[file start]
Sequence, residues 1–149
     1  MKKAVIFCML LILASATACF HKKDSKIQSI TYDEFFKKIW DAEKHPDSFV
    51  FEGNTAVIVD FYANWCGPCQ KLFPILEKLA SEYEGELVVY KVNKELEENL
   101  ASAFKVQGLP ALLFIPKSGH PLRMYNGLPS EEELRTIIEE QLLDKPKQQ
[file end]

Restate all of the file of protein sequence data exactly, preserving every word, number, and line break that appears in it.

Sequence, residues 1–149
     1  MKKAVIFCML LILASATACF HKKDSKIQSI TYDEFFKKIW DAEKHPDSFV
    51  FEGNTAVIVD FYANWCGPCQ KLFPILEKLA SEYEGELVVY KVNKELEENL
   101  ASAFKVQGLP ALLFIPKSGH PLRMYNGLPS EEELRTIIEE QLLDKPKQQ